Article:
The Publishing Industry...
I've heard it time and time again that blogging is dying or dead. As I write this I laugh because what I see coming is bigger than blogging your personal ideas. Text is still king because you still need text for SEO, and when you blend high quality writing with gorgeous photography AND video projects you have more than a blog. You have a full blown media outlet on every subject imaginable. Print is not dead, but it is becoming a luxury.
Hello? Is anybody listening to us? Turns out somebody has their ear to the ground catching the muddled cry of the next generation of camera artists and content creators. But, it isn't the brands we cut our teeth on such as Canon or Nikon. Rather it's brands like Panasonic, Sony, Samsung, goPro, and even Olympus which I thought disappeared long ago. As I write this, I am realizing that if the legacy photography brands don't act and start producing 4K mirrorless cameras that make our lives easier at the same time, they are going to be run over and left for dead.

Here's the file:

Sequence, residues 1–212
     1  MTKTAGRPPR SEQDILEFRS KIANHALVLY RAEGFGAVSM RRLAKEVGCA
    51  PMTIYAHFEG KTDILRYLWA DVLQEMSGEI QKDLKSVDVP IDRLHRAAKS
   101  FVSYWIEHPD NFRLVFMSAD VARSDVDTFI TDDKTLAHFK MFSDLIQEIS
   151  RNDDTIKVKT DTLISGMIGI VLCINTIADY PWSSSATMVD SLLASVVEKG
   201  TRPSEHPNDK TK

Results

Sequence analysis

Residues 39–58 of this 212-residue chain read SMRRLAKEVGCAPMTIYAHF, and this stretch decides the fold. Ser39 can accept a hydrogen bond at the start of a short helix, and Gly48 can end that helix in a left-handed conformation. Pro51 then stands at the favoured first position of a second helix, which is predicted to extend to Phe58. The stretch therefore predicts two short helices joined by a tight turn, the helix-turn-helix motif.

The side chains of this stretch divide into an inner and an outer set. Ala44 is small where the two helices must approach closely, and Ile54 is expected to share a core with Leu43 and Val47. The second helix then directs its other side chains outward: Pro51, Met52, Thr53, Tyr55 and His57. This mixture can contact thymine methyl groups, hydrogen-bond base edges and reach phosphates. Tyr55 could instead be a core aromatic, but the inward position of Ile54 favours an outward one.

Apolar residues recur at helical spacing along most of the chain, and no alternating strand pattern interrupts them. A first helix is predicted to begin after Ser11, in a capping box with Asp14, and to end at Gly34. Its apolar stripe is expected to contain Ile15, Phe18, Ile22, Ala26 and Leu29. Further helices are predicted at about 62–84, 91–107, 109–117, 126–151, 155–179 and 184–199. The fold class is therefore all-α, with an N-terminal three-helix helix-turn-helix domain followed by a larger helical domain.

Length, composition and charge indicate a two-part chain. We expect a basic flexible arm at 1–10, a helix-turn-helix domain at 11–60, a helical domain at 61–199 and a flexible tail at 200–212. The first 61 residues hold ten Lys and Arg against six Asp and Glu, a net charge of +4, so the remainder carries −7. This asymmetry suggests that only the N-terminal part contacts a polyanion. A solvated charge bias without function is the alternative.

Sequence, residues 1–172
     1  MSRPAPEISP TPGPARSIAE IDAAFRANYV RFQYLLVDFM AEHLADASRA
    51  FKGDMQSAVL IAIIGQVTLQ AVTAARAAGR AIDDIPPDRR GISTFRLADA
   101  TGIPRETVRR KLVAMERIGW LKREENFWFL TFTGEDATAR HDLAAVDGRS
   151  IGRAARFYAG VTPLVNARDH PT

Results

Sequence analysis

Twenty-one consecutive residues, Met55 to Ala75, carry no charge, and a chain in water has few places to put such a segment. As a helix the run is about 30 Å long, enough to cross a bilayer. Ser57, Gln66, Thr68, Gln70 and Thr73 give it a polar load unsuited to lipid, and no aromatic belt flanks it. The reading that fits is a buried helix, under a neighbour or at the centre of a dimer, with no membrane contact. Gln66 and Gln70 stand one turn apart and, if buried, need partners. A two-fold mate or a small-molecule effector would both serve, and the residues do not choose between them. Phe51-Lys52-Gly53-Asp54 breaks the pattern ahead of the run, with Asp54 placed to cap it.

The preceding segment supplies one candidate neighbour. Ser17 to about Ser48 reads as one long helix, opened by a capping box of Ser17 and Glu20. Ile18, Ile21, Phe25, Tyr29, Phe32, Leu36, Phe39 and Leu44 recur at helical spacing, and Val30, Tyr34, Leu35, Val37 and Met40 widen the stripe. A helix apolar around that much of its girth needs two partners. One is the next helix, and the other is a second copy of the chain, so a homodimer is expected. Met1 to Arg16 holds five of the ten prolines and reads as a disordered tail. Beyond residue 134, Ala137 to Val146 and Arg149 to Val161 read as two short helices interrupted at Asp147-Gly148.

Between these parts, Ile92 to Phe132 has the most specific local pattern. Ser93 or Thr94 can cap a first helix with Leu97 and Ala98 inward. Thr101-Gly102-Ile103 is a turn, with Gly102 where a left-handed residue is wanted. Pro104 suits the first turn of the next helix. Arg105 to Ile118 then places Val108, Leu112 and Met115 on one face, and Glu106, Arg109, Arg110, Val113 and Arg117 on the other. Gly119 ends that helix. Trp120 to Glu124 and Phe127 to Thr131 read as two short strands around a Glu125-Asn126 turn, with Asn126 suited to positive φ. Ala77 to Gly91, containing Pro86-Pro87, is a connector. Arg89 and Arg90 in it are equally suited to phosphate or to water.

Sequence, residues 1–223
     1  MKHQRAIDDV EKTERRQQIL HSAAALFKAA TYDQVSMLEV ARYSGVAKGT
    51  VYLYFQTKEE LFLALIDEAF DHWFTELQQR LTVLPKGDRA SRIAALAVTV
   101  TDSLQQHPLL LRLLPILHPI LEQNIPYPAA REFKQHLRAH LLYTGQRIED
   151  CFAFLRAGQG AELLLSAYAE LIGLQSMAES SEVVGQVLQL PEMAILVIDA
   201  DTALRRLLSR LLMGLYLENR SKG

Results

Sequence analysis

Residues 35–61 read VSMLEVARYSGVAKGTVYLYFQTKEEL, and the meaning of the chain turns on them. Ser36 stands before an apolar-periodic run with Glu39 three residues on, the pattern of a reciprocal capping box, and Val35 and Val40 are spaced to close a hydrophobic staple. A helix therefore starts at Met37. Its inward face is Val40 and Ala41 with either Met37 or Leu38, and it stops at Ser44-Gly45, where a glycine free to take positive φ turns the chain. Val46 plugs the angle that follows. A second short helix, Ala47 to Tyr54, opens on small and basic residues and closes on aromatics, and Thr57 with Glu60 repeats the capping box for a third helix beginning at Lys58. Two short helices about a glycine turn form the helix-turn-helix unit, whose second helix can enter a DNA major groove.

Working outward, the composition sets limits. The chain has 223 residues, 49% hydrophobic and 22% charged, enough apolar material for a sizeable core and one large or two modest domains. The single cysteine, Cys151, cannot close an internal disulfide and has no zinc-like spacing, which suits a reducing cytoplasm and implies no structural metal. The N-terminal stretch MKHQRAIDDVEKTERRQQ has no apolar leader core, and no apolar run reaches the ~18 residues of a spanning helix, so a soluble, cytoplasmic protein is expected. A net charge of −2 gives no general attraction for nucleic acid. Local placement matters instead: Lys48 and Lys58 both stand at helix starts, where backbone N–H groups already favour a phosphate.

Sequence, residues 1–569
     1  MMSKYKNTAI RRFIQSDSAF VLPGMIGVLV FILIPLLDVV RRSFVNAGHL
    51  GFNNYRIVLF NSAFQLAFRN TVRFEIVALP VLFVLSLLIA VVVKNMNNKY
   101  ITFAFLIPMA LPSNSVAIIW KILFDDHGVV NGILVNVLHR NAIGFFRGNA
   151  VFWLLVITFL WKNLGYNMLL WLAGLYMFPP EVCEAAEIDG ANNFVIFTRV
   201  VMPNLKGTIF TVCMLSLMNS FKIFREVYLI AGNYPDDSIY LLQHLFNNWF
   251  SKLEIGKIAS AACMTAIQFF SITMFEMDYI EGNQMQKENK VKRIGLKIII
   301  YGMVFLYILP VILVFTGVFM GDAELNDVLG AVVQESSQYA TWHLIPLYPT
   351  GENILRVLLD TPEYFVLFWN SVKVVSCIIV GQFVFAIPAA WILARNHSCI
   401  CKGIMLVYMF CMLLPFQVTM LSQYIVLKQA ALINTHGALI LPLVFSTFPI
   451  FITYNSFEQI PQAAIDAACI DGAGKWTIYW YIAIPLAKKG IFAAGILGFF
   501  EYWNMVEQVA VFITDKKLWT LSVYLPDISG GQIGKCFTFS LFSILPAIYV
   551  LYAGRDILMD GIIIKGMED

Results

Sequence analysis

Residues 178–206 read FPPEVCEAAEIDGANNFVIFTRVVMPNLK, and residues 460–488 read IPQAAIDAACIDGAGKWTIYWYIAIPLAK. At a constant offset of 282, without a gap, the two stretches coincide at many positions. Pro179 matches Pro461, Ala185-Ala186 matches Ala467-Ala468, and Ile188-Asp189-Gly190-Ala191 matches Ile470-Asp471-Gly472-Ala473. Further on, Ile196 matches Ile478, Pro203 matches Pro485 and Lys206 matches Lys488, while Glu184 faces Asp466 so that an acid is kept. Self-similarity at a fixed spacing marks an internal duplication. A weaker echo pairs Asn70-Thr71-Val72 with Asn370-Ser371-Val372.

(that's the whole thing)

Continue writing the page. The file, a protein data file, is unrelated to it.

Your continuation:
The big market for camera companies is pro-sumer, not high end professional. That market was killed years ago when Canon and Nikon put high quality, cheap, disposable DSLRs in the hands of every photo enthusiast on the planet. The only way pro-sumers are going to upgrade is if the next camera makes their life easier, and has added video benefits. Professionals will turn to the brands that are cutting edge regardless of price point. It's pretty simple.
Gear Won't Make You Better...
There will be those that criticize this post for a wide range of reasons. Yes, this is an opinion, and it is speculative to say the least. Don't hate me for my vision of the future. It's just the way I see it. Maybe you are happy with the status quo, and the gear you own. We can agree that gear doesn't make the photographer. But, gear does change the shape of the industry, how we survive or succeed in it, and unveils new markets or opportunities. That is what Mirrorless cameras are doing right now.
The exciting news is that cameras, especially ones that perform on this level, give you the power to dream on any level imaginable. Today being a hired photographer is only one way to play the game. I encourage all those that make a living with a camera to not only create for paid clients, but to also spend time working on something more personal or bigger than that. Cameras offer power, and with our expert knowledge of light, composition, and style, the future is truly at our fingertips. None of us like wake-up calls, but sometimes it's smart to get an early start.